Prayer answered: Experiencing True Collaboration

Source: Max Pixel

Listen to the Podcast Version of this post here.

A few weeks ago, I told one of the assistant principals that I felt that our ELA Department was not really collaborating. Everyone was doing their own thing. This school year felt so disorganized. Almost every teacher in the ELA Department have different teaching preps. One teacher was teaching two 7th grade classes and one eighth grade class. I was teaching all 8th grade. Another teacher was teaching two 7th grade classes and one ELD class. Then, another teacher was teaching a self contained class of English, History, and Science all together. When spring semester came around, there was a sudden shift in classes and positions.

In other words, it was extremely hard to plan with one another, where each grade level can sit with each other and just focus on their grade curriculum.

And just today, we finally had a chance, outside of our regular school schedule, to gather together on a Saturday morning to truly plan and collaborate together, in an unrushed environment.

As we gathered together, one of the teachers made an observation how there were just so many constant changes in the ELA Department, where teachers have left or changed to teaching other grade levels, and I was the common denominator that held our ELA department together.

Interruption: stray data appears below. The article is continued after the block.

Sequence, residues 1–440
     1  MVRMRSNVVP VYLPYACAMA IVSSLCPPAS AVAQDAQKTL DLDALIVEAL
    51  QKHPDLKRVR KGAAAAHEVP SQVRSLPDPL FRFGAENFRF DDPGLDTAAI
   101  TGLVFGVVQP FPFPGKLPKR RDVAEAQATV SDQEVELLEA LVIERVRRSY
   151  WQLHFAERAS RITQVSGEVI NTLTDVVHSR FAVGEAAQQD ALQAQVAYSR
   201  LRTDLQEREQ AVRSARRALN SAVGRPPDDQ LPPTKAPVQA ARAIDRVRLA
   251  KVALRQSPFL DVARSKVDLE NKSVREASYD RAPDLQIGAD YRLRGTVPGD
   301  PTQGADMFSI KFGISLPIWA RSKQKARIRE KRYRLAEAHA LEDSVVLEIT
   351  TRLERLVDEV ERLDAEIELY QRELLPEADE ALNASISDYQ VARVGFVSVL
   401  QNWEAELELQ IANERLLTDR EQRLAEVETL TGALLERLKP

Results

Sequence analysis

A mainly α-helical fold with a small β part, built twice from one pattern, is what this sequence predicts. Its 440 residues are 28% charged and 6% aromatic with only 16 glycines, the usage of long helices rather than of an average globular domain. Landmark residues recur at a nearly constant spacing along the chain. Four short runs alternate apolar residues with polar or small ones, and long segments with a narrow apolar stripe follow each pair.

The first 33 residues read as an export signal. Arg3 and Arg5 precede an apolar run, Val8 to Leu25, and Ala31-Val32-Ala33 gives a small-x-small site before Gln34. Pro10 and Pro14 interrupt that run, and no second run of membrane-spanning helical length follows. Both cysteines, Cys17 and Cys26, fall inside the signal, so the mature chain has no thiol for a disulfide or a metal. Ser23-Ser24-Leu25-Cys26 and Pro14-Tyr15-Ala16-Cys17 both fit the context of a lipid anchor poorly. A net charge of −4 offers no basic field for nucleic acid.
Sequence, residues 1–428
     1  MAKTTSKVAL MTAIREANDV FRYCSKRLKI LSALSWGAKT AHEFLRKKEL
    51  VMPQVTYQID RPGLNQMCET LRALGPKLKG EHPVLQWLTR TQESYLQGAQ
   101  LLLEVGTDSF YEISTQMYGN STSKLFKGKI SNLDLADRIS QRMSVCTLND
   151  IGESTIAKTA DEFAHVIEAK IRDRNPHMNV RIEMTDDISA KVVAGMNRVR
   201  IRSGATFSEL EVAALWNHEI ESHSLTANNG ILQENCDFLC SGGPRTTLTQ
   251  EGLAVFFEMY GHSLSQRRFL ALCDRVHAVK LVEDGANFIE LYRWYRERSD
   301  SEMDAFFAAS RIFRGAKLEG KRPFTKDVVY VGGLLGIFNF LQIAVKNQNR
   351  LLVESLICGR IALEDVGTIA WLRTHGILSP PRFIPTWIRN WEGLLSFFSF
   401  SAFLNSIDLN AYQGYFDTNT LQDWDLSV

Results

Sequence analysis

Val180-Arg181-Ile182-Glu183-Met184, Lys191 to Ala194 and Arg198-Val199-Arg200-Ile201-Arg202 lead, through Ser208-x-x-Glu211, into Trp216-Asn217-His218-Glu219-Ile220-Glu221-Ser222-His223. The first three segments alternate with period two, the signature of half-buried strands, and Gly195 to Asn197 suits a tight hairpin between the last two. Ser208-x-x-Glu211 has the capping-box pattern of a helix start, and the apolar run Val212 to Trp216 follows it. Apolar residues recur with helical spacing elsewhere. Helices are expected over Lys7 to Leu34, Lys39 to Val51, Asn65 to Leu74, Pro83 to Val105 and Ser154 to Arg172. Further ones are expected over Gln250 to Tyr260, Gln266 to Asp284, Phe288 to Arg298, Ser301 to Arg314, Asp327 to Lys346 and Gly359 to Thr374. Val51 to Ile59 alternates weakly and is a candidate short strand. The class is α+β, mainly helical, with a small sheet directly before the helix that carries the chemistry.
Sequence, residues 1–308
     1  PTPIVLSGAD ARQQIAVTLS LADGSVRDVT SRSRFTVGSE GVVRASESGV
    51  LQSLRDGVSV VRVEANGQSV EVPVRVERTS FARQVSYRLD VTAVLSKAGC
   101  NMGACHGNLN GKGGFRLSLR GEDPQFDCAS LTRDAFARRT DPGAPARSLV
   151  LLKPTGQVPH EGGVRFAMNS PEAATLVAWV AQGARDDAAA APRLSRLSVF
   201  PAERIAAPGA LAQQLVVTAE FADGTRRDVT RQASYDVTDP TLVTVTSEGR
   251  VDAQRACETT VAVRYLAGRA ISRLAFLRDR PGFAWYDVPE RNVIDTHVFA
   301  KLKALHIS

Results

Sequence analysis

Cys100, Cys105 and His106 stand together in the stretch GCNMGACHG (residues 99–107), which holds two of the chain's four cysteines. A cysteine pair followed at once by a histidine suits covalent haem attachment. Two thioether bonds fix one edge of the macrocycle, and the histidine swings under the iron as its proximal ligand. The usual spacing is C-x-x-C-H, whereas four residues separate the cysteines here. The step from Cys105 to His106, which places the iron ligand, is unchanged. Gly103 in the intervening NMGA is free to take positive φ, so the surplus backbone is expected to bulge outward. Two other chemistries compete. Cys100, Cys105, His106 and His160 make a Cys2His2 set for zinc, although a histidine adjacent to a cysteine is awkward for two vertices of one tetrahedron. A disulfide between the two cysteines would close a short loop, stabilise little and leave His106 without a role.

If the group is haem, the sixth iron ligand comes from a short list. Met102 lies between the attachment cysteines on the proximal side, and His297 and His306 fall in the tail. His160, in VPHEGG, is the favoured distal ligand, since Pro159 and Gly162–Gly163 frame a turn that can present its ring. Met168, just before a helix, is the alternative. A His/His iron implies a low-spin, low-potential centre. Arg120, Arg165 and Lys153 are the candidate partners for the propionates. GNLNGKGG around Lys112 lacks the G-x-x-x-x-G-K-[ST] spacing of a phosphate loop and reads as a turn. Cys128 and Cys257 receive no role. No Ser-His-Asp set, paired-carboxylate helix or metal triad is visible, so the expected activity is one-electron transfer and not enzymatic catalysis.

She joked, “Ms. Wu’s membership is always changing!”

It was my first time working with this one teacher. Throughout our conversations, I realized something. In the past 5 years, I was constantly surrounded by colleagues who liked my ideas and did not challenge me, but would take my ideas and use them in their classroom also. However, collaborating with this teacher made me felt like I was in an interview all over again. She asked for the rationale for why I planned a certain way, why we taught these lessons, and why we picked these texts. She did not hold back about how she really felt. It was a refreshing and anxious moment at the same time.

At the end, she came to a conclusion and an understanding of how different we were. How we focused on different things. How we organized things. What we cared more about.

It was a productive day.

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